On the first lap Miss New Orleans, the entry for the Southern Y. C. struck a log and was forced to withdraw ; much to the sorrow of the many who appreciated the good sportsmanship of the Dixie boys who had sent the boat on the long journey. Miss Belle Isle, a local boat, had trouble with her big Liberty and dropped out at about the same time as Miss New Orleans.
The weather on Monday was better for the speedsters and a fine race was anticipated; for Miss Toronto had arrived and grim lines about the mouth of Ericson and Pierson her intrepid crew expressed better than words the fact that they were out for business. Just before the starting gun the Canadian boat burned out her starting motor and was towed in. Miss America was the first over the line closely followed by Miss Detroit and Miss New Orleans. Imp II got a poor start but bravely went on her way with her four-cylinder Hall Scott. Miss Belle Isle did not start. Miss America was one second ahead at the end of the second lap, exchanging places with Miss Detroit on the third and fourth lap. Imp II was lapped by both of the larger boats on this round. On the last lap Miss Detroit was one second ahead of the Harmsworth winner. So far the races had been a family affair for the Woods. Miss New Orleans was two minutes behind the Smith boats at the finish but really made a good race considering the fact that she had only half their power. Imp II is the old Oregon Kid hull and has a four-cylinder Hall-Scott of only 100 h.p. She made better than 40 miles an hour in spite of the fact that Blakely lost his way and ran around looking for some of the buoys. At one turn he skidded completely around and headed in the opposite direction.
The last day was in many ways the most exciting of all; for while it was impossible to prevent the prize going to one of the Wood entries, owing to their wins on the previous days, there was the added interest attached to having Miss Toronto on hand and running at her best. Imp II was withdrawn as her owner could not remain longer in Detroit. Miss America, Miss Detroit, Miss Toronto and Miss New Orleans went over in the order named and at once it was apparent that Miss America had a large margin on Miss Detroit. At the end of the first lap she had a lead of nearly half a minute and great interest was aroused as to whether she would be able to lap her larger rival. As the finish drew near the excitement reached a climax and many bets were made by adherents of both boats. Just as the line was crossed Miss Detroit made a supreme effort and crossed on her fifth lap one second ahead of Miss America on her sixth. The excitement over this had hardly died down when Miss Toronto finished. Just after she crossed the line her engine was shut down and Ericson swung her sharply around to the judges float. As he did so the boat struck some submerged object and careened sharply to one side spilling the two in the water. A launch started for the two men who, calling out that they were all right pointed to the boat which was still running without a guiding hand at wheel or engine. Miss New Orleans, piloted by one of the best drivers ever seen at a race meet, now crossed on her fifth lap and seeing the runaway craft steered for her. Mechanician Wilkinson at the risk of his life climbed out on the forward deck of the southern boat with the idea of leaping from one boat to the other. Before he could make the jump however Miss Toronto stopped. If the feat had been accomplished it would have added a page to the record of nervy deeds. Miss America's fastest lap was made at a speed of better than 71 miles an hour, while the average was 70. By this win Miss America's name is added to the medallions placed upon the base of the Gold Cup and another star is added to the already heavy crown worn by Gar Wood.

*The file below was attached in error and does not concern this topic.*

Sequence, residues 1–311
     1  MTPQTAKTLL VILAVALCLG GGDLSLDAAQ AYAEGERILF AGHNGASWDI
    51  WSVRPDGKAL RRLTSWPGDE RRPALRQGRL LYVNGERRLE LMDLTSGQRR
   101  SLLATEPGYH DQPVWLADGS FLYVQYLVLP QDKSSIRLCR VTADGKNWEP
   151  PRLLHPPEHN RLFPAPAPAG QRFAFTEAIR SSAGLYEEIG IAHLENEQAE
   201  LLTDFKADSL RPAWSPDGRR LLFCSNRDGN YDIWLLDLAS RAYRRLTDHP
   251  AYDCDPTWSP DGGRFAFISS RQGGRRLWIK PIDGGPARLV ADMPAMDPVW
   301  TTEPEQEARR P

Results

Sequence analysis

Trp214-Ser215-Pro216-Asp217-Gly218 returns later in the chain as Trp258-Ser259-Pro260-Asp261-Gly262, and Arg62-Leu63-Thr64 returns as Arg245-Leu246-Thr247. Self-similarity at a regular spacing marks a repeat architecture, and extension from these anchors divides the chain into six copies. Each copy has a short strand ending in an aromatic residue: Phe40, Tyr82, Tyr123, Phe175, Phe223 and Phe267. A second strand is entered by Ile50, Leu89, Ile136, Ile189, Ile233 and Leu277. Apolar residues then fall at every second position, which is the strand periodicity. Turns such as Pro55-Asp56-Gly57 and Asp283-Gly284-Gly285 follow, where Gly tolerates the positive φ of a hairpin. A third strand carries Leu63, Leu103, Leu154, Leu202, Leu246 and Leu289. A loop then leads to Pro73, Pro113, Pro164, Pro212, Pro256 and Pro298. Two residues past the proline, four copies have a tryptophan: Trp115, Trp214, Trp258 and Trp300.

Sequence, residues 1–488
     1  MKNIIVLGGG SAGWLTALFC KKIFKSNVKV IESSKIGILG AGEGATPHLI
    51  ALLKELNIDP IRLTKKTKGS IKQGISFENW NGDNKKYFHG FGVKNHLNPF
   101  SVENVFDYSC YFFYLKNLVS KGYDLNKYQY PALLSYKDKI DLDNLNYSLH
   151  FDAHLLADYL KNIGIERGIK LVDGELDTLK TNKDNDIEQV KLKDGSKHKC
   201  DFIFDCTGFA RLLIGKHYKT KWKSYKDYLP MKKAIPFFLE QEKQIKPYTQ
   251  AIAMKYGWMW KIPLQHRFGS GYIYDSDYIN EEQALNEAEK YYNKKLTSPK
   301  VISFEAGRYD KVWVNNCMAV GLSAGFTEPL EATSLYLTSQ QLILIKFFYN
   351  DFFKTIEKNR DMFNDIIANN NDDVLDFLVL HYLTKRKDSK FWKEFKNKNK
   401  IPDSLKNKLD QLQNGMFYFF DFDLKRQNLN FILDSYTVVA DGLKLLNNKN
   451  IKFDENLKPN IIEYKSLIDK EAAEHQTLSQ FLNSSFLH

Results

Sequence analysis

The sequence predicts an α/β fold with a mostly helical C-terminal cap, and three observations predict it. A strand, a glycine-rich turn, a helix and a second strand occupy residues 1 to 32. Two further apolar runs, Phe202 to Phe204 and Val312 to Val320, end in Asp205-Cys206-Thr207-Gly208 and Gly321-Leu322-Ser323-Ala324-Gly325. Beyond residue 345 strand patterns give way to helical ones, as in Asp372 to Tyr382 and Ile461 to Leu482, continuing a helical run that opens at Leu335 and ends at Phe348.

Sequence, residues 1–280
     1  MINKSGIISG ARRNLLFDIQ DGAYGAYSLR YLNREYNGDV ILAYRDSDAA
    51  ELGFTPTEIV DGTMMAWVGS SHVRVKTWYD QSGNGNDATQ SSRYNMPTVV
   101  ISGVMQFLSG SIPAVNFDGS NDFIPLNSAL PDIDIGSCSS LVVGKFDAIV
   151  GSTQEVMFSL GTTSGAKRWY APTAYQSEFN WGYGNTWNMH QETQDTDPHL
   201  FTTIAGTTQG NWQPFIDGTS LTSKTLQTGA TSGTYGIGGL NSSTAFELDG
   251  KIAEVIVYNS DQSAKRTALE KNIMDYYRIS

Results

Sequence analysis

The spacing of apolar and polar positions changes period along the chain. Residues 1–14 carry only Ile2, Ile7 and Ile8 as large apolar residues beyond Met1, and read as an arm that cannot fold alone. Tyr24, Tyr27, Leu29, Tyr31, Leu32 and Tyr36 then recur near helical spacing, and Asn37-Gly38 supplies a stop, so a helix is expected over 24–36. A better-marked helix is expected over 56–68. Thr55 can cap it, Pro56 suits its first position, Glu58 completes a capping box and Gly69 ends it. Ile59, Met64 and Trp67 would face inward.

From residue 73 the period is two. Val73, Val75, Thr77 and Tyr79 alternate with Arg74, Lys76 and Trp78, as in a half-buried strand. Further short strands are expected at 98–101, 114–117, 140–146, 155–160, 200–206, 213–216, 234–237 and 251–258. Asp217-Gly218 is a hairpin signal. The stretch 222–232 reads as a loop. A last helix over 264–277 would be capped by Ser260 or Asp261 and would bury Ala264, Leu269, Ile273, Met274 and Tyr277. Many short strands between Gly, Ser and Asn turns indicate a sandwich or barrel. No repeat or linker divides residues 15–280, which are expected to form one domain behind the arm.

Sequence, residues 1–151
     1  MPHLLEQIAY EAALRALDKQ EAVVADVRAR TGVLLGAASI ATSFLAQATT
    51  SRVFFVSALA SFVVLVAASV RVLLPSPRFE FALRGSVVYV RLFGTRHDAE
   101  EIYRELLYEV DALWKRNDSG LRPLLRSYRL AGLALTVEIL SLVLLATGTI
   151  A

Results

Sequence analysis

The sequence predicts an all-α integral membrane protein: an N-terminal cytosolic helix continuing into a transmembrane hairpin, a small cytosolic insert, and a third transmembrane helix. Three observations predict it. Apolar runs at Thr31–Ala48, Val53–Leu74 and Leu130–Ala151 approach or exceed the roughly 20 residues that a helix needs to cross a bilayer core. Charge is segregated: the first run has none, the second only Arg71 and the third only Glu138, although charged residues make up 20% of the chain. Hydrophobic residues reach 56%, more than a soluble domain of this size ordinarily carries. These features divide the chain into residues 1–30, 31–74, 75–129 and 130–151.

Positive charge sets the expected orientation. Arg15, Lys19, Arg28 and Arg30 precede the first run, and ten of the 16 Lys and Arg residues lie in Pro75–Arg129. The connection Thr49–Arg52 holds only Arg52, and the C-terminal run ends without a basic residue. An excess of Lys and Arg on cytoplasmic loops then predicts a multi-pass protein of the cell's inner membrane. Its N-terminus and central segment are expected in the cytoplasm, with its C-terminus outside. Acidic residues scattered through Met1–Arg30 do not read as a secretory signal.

The APBA Gold Challenge Cup
|Miss Detroit V
|Miss New Orleans
|Miss Toronto II
|Miss Belle Isle
Best lap Miss America, 71.43 mph
Best Average Miss America 70 mph
(Reprinted from The Rudder, October 1920, pp.5-8, 45-48)